Follow Us

Comer, Connolly seek review of FBI headquarters selection

"With respect to the new FBI headquarters, GSA initially set out criteria for assessing potential sites, and a process for selecting among them. But it changed the rules in the middle of the game. The criteria were changed," they continued.

Published: December 5, 2023 3:19pm

House Oversight Committee Chairman James Comer and Virginia Democratic Rep. Gerry Connolly on Tuesday urged the General Services Administration (GSA) to conduct a review of the selection process for the FBI's new headquarters.

In early November, reports emerged that the FBI had selected Greenbelt, Md., as the site of its new facility. The General Services Administration (GSA)  was responsible for overseeing the site selection and the lawmakers on Tuesday urged GSA acting Inspector General Robert Erickson to review the matter.

"GSA must be fair and transparent in its operations. Its real estate dealings should consider only what is best for taxpayers and the Nation. It must set aside political or parochial interests. We are deeply concerned that GSA’s choice of a new FBI headquarters site departed from those principles—and in doing so, failed to put taxpayers and the public interest first," the pair wrote.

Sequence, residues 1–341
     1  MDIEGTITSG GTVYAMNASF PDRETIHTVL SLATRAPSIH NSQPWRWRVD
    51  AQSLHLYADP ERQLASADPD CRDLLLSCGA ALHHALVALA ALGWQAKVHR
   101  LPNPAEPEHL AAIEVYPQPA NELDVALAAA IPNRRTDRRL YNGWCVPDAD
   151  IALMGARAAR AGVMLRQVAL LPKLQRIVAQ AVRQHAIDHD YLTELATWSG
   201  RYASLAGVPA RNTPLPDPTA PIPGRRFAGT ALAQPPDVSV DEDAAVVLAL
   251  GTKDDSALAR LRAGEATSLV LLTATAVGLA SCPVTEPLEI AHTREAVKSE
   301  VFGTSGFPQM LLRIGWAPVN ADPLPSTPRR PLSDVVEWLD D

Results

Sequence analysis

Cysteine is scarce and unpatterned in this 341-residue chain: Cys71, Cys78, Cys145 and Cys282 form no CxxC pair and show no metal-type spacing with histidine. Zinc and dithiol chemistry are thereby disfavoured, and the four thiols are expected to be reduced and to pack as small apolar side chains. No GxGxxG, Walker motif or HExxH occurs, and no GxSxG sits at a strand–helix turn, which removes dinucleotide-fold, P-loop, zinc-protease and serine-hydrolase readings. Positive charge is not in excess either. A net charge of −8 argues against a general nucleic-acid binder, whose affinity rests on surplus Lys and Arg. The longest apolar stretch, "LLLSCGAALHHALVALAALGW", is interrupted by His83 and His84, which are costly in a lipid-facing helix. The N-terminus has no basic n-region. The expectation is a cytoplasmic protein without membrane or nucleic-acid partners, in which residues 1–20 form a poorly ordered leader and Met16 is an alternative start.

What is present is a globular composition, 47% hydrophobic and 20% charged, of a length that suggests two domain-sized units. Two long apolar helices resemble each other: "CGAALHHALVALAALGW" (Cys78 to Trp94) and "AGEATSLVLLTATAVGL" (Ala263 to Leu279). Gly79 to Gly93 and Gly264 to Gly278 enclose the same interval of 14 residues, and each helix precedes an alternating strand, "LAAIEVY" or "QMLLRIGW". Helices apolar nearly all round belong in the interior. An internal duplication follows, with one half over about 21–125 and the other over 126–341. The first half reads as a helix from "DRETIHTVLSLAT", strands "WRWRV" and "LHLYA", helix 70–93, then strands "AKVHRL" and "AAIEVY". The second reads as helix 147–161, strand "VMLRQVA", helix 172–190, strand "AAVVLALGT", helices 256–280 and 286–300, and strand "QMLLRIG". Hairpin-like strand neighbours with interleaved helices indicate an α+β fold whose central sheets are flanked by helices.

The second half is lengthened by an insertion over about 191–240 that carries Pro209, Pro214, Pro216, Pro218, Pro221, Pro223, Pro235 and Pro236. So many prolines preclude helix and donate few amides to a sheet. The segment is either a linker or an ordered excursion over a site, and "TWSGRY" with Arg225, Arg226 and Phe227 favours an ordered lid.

"With respect to the new FBI headquarters, GSA initially set out criteria for assessing potential sites, and a process for selecting among them. But it changed the rules in the middle of the game. The criteria were changed," they continued. "The selection process itself was changed. Most disturbingly, a new umpire — a political appointee — was inserted in the final inning. That individual, Nina Albert, the Commissioner of the Public Building Service at GSA, overturned the unanimous site decision of an expert panel of civil servants representing GSA and its agency client, the FBI."

The years-long process has attracted considerable scrutiny, including an administrative review of allegations that former President Donald Trump opposed the FBI's move out of D.C., fearing the existing headquarters might be sold to a hotel developer and lead to competition with his own, now-sold hotel. The Department of Justice inspector general later determined that concerns related to the Trump International Hotel, now the Waldorf-Astoria, played no part in the selection process.

The DOJ Inspector General's office launched its own probe into the matter earlier this month.

Ben Whedon is an editor and reporter for Just the News. Follow him on X, formerly Twitter. 

The Facts Inside Our Reporter's Notebook